Gen-Z Councilmember Chi Ossé gave his first official State of the District address to constituents of Bed-Stuy and Crown Heights yesterday afternoon on the rooftop pavilion of the Brooklyn Children’s Museum .
The sounds of young children playing in the background throughout the event served as an audible reminder of why District 36 had gathered that day—to chart its progress in creating and safeguarding a bright future for the district’s youngest constituents.
The event also featured his swearing-in ceremony, officiated by Judge Robin Shears, after postponing the in-person event in January due to the Omicron virus surge in the area.
Despite the sizzling weather, the event was attended by more than 250 guests, including Ossé’s family, district 36 constituents and notable electeds like Councilmember Crystal Hudson and Assemblymember Brian Cunningham.
Senator Jabari Brisport, Public Advocate Jumaane Williams, Borough President Antonio Reynoso, Congressman Hakeem Jeffries, Congresswoman Yvette Clark, Comptroller Brad Lander and Ossé’s aunt Chinyere Vann gave speeches on his leadership successes, first as an activist with Warriors in the Garden and now as a politician.
More personally, many mentioned his father, Hip-Hop music attorney, producer, podcaster and archivist, Reggie Ossé, who passed away at the end of 2017.
“[Chi Ossé] is a leader who inspires young people, who is built from tradition, who knows where he comes from and where he’s going,” Lander said. “Your dad is really proud of you today.”
As part of the event, Ossé invited Brooklyn performers to showcase their work in creating music and performance that honors the Black heritage of the district.
“District 36 is a bastion of Black culture and creativity, Black power and promise,” Ossé said.
As guests filed in, jazz group Kazemde George performed. Abby Dobson sang the Black national anthem, Lift Every Voice and Sing, and local African drum group Asase Yaa got the whole audience clapping along. Siren: Protectors of the RainForest, a Brooklyn group that honors African heritage and history through arts and education, performed a moving, masked dance.
Ossé used his state of the district speech to emphasize the efficacy of local government and account for the local material gains and advancements he has made for his constituents, particularly when it comes to housing, public health and sanitation concerns. He also announced some of the bills that he introduced over the past 6 months since he’s been in office.
Amongst his wins so far: He has begun offering free legal clinics for those unable to afford a lawyer; has closed nearly 2,000 constituent service cases; and has distributed tens of thousands of at-home COVID tests, PPE items and pounds of free food at his Wellness Wednesdays.
He said City Council has allocated millions of dollars toward small businesses which will directly fund businesses his neighborhoods and has worked to expand COVID testing sites in the district.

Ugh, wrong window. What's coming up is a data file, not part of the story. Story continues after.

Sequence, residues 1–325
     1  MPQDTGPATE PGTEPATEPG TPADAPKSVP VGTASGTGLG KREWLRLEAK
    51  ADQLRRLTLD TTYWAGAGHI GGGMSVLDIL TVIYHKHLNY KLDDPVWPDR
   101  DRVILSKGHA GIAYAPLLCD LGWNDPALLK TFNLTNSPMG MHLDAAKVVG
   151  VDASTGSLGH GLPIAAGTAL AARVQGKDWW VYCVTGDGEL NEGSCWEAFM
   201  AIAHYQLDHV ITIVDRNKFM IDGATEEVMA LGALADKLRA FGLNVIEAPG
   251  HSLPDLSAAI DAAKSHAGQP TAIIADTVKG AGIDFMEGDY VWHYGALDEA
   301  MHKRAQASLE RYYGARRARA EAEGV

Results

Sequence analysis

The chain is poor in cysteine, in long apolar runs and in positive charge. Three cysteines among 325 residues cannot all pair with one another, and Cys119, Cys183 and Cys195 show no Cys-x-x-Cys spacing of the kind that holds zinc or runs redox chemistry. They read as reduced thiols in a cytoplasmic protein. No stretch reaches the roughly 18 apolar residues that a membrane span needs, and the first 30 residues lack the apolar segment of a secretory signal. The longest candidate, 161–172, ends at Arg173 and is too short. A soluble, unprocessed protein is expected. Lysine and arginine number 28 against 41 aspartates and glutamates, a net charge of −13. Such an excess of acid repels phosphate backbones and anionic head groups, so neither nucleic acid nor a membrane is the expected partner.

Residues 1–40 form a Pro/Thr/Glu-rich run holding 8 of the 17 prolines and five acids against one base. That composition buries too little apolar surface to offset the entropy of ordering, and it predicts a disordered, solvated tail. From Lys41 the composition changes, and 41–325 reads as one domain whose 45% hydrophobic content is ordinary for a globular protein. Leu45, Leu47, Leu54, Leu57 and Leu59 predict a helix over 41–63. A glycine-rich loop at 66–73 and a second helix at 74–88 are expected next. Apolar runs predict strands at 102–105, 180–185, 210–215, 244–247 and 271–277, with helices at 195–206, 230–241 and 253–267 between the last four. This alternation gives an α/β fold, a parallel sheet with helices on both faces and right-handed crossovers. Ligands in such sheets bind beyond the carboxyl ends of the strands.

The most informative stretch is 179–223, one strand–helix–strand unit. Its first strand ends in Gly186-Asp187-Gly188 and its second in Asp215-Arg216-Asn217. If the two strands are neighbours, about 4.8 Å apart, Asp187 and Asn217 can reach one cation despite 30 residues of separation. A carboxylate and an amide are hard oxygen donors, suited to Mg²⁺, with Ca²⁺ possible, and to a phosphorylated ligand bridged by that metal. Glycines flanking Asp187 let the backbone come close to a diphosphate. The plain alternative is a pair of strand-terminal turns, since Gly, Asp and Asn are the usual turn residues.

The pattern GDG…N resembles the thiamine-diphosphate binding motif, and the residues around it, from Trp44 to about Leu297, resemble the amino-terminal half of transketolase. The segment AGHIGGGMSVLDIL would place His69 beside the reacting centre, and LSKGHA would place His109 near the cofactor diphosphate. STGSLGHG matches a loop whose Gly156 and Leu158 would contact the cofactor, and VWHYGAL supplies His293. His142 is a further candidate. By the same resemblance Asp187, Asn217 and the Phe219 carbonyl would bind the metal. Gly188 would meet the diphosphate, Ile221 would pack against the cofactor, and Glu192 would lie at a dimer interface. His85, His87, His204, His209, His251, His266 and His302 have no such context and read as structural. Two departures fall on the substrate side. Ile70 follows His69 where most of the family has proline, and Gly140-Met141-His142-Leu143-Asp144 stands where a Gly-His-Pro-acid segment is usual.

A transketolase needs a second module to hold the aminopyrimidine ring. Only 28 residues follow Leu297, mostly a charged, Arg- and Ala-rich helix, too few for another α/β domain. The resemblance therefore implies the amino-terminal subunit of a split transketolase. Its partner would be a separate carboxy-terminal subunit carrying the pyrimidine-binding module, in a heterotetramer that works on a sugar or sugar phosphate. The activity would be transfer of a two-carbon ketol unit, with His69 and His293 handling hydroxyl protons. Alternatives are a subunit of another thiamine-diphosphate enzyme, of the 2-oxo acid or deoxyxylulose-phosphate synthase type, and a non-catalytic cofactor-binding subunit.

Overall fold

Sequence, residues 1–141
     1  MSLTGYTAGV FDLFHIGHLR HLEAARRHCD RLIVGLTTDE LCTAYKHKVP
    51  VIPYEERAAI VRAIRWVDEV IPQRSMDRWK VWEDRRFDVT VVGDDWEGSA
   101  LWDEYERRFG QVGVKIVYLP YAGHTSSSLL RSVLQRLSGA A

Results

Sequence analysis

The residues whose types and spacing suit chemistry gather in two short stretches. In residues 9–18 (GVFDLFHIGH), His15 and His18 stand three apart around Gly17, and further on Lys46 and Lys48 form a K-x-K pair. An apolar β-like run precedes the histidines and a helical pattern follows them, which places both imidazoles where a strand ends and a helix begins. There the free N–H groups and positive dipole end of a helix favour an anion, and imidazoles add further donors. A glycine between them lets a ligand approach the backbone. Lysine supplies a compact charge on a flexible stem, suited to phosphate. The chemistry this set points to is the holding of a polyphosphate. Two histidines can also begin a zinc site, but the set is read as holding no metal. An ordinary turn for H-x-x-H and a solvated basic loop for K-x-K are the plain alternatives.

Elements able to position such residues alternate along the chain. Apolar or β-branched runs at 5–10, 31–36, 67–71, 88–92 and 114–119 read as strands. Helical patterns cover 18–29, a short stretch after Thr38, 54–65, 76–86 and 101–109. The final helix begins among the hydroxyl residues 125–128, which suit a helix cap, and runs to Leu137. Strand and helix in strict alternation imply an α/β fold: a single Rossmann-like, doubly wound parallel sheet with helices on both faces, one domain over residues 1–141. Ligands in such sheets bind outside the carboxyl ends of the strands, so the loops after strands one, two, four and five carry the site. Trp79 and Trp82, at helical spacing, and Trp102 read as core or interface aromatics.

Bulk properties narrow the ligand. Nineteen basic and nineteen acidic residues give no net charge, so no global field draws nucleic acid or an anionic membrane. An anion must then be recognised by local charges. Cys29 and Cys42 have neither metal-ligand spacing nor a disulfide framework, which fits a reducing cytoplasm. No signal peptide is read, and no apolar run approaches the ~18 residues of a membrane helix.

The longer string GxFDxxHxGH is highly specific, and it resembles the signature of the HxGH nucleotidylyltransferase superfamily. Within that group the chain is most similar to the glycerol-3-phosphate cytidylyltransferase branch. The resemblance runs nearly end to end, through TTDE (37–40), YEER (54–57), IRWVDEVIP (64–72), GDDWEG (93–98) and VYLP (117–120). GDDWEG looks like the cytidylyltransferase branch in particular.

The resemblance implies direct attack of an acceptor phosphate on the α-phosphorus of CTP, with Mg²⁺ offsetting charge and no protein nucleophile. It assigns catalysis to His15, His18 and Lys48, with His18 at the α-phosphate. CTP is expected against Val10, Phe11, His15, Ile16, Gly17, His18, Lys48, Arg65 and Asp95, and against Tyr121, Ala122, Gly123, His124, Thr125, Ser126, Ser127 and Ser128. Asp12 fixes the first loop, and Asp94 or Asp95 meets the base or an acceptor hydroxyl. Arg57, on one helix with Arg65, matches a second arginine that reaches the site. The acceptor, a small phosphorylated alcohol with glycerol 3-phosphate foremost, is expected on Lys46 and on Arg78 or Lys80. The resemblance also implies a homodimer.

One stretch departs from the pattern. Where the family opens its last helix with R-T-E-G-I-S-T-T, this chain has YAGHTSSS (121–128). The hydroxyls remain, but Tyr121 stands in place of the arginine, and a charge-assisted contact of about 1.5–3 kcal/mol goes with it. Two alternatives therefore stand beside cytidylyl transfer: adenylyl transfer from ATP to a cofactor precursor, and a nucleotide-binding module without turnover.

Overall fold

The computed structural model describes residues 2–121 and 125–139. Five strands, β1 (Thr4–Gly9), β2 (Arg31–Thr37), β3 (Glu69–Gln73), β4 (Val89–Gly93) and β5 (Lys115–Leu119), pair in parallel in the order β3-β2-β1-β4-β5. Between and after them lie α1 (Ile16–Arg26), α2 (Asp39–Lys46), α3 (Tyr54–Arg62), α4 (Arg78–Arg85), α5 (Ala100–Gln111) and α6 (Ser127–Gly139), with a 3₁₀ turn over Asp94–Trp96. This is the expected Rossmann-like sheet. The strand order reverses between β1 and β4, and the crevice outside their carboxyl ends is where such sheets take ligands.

“Elected by you, I am committed to walking among you as we fulfill that role of national leadership, setting the bar for local democracy,” Ossé said.
He’s also distributed rat-proof trashcans and picked up over 30,000 pounds of litter in the district as part of his new See Something, Say Something program for sanitation reporting, emphasizing that his constituents deserve the same clean, sanitary conditions afforded to those in wealthier neighborhoods.
In the past 6 months, he has also sponsored a bill to create a separate office at the Department of Housing to assist homeowners directly and has introduced a bill to provide anti-overdose medication to bars and nightclubs.
He also introduced a bill to track the Sanitation Department’s rat mitigation efforts and co-primed a bill obligating construction sites to hire a licensed pest management professional.
“In our noble war against the rats of Brooklyn, my office has provided the tools, training, and intel to decisively win,” Ossé said.
Ossé mentioned some of his advocacy triumphs as well—most notably, he spoke about his partnership with tenants associations and unions across the district to stand in solidarity for housing affordability and against landlord abuses.
Right now, he said his office is also pushing to legally prevent predatory developers from pressuring deed holders into selling their properties, so that the community can stay anchored against the strong winds of gentrification.
“Our brightest days are ahead, but the days of communal work with electric vigor are right now,” Ossé said.
“In my eyes – and the eyes of a nervously watching nation, know this: The state of the district is inspirational.”
Make a Donation
BK Reader is brought to you for free daily. Please consider supporting independent local news by making a donation here. Whether it is $1 or $100, no donation is too big or too small!